There is a 0 and + switch on this prnter, and it was in the wrong
position. So the thing is printing fine now.

If I don't need to spend $500 on a new printer, I am not going to.
Now, if the thing ever does give out... well, I will have to deal with
it then.

roland
 

frederick

Distinguished
Aug 23, 2004
335
0
18,930
0
Archived from groups: rec.photo.digital (More info?)

hyperoglyphe wrote:
> "piperut" <rbehunin@alumni.weber.edu> wrote in message
> news:1121877533.163330.204480@z14g2000cwz.googlegroups.com...
>
>>Bill Hilton wrote:
>>
>>>>I currently have an Epson 1160 printer.
>>>
>>>This is a pretty old model now, probably 1999 or so, with only four
>>>colors so you don't get a very wide gamut.
>>>
>>>
>>>>If I do start looking at new large format printers - what large
>>>>format printers are good?
>>>
>>>If you mean 13x19" like the 1160 then HP has a good one with long print
>>>life (dunno the number, maybe 7960?), Canon has a couple with somewhat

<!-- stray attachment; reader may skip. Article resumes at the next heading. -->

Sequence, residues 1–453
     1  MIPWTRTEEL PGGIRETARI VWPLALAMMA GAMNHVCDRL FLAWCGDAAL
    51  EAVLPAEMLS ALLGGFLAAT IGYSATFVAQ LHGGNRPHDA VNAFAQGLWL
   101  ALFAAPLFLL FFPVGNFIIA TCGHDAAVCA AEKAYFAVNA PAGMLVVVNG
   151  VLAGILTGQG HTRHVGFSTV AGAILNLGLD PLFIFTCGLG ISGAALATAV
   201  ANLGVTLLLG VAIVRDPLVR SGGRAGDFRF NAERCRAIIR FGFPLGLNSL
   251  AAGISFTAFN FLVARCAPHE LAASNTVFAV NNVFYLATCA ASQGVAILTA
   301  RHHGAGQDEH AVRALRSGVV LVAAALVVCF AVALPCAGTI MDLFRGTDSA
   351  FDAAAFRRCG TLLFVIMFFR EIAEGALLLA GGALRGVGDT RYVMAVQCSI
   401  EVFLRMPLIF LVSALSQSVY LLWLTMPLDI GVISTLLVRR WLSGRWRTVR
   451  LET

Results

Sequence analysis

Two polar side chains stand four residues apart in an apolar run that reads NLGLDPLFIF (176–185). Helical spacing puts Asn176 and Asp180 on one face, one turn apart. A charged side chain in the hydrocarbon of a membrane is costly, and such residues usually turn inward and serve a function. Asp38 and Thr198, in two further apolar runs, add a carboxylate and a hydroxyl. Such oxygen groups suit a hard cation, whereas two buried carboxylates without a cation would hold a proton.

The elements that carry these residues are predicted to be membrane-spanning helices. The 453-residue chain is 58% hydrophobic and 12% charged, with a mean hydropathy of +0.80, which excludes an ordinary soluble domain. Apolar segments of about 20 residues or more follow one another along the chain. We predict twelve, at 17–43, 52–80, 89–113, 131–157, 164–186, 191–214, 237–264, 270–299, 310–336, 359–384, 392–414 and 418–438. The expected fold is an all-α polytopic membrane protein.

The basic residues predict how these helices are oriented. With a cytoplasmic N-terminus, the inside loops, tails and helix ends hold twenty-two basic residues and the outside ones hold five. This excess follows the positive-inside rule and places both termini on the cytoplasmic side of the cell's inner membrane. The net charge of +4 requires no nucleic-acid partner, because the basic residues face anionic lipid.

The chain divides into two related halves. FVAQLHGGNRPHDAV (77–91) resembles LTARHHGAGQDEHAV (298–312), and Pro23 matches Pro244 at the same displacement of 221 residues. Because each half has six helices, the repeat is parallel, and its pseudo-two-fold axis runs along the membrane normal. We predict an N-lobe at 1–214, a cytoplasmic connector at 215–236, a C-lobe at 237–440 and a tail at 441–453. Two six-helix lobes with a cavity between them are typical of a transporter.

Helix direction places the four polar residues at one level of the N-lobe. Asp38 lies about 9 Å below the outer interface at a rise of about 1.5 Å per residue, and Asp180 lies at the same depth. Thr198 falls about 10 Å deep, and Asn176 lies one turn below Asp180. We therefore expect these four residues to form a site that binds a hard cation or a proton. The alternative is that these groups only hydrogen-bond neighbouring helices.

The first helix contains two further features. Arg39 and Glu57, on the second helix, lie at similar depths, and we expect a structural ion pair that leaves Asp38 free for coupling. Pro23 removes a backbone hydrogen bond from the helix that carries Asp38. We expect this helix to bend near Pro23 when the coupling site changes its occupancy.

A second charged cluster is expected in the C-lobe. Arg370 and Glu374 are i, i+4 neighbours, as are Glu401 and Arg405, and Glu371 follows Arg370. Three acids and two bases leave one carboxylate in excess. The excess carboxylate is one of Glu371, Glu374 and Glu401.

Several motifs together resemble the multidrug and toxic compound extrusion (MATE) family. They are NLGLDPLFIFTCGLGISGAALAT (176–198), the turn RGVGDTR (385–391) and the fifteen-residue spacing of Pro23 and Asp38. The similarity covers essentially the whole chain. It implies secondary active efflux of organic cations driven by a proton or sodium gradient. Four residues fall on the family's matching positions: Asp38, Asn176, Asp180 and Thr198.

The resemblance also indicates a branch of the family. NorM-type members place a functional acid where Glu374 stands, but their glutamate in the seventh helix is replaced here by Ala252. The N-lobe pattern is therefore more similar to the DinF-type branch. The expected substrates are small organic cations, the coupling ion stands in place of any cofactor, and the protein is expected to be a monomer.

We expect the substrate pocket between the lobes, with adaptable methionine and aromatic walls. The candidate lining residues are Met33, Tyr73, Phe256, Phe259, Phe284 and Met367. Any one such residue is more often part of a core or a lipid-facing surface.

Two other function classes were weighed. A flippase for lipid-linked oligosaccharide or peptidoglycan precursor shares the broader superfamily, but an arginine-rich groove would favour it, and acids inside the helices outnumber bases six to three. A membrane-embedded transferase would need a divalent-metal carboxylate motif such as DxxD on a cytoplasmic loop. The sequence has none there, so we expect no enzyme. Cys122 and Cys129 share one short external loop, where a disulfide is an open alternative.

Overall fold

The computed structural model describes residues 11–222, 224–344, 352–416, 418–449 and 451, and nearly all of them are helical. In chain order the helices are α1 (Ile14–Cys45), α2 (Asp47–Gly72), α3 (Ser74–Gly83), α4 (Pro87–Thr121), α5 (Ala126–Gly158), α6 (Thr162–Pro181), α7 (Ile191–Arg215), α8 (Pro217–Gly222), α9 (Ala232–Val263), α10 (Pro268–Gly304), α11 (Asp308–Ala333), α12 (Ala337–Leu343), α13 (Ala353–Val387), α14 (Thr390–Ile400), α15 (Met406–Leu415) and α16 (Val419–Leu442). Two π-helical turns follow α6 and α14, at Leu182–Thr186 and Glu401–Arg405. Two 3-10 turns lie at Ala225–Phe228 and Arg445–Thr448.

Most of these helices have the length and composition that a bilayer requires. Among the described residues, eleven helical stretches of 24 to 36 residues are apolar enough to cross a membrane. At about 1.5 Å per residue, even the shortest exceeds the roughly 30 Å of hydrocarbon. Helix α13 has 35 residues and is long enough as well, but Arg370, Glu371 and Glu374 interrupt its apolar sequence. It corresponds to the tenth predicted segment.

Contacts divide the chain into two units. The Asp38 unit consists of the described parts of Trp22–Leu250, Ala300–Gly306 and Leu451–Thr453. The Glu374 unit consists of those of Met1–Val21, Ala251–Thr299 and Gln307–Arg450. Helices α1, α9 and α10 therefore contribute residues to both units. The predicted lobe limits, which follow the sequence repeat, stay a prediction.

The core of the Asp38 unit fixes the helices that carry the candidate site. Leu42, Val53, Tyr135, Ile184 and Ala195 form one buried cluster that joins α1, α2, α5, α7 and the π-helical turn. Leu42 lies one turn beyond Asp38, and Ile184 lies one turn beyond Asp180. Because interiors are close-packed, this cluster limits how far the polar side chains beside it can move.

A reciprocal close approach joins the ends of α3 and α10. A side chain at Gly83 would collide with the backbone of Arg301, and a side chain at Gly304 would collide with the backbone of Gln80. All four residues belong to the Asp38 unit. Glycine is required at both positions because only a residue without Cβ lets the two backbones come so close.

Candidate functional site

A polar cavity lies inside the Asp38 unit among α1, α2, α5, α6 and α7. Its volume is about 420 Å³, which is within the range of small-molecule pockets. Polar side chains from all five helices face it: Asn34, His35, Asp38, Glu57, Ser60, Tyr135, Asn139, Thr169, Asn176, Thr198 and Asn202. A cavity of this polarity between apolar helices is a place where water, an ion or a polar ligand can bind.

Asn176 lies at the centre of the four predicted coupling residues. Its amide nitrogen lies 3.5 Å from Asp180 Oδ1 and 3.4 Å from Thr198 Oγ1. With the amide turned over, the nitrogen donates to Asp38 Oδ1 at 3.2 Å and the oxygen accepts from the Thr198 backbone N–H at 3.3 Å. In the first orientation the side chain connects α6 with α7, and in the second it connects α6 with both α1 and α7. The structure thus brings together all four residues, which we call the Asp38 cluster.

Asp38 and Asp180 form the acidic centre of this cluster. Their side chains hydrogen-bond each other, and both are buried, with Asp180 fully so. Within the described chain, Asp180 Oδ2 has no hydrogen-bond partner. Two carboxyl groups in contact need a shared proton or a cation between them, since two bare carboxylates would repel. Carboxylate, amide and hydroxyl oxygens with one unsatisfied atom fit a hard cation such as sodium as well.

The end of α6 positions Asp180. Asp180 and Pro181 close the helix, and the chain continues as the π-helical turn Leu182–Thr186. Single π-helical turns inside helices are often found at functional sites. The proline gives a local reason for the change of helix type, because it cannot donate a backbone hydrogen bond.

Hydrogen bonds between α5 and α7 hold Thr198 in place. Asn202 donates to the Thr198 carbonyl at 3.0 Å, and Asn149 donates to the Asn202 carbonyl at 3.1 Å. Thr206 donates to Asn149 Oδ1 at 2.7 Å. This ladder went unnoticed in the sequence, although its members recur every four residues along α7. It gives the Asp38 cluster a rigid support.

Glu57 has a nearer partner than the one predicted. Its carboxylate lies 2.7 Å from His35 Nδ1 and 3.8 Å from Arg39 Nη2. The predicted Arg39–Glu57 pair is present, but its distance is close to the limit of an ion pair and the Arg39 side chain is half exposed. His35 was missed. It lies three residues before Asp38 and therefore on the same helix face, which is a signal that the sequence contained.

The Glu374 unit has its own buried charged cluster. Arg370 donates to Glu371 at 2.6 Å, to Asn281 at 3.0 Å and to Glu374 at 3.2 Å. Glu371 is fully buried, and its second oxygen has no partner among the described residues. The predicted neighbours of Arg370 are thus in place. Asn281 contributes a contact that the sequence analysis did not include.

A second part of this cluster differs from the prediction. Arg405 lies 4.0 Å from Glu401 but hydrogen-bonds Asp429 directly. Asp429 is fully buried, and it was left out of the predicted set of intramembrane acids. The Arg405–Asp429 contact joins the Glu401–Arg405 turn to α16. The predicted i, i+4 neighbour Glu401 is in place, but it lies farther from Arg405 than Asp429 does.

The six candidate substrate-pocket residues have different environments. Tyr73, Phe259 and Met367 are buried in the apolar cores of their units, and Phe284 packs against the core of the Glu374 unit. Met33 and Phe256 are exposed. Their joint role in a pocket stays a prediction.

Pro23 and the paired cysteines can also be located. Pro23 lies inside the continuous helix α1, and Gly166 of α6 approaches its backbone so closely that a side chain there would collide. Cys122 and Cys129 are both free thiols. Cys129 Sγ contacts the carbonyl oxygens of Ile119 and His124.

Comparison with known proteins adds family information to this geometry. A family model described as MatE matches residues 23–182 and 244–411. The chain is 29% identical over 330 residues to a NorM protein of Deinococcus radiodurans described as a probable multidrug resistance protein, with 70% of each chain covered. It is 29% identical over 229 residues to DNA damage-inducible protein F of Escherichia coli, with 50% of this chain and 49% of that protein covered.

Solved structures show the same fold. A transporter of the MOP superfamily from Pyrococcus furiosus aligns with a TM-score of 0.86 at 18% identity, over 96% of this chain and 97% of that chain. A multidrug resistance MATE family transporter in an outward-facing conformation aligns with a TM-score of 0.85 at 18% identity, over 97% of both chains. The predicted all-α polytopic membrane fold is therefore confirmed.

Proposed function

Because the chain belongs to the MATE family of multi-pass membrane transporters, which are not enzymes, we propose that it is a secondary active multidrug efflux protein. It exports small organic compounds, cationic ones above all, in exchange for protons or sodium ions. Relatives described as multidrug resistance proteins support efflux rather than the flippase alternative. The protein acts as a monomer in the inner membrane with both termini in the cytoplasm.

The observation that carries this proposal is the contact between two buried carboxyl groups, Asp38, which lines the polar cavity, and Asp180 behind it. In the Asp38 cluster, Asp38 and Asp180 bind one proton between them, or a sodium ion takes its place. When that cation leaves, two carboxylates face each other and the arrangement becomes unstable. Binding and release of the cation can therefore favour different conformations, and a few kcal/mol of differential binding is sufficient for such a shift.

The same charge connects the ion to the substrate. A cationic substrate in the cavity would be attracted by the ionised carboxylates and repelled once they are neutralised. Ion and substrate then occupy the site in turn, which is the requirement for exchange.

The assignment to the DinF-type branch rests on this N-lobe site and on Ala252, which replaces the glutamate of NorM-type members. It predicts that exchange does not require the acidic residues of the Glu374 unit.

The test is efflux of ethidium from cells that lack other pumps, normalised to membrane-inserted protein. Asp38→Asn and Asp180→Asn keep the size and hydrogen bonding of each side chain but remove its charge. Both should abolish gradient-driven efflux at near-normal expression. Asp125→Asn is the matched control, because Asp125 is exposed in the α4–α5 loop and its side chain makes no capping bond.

>>>shorter print life but very good colors (dunno the latest number,
>>>probably i9900 or similar), and Epson has four, including the 1280
>>>(similar to the Canon for print life) and three pigment ink models with
>>>very long print life, the 2200, 2400 (replacement for the 2200) and I
>>>think the other is the R1800.
>>>
>>>All of these have at least six colors, some have seven, which generally
>>>means better looking prints than the four-color 1160. If you're
>>>selling prints I'd skip the Epson 1280 and Canon models because of the
>>>shorter print life. Other than that tip I'd say try to find a sample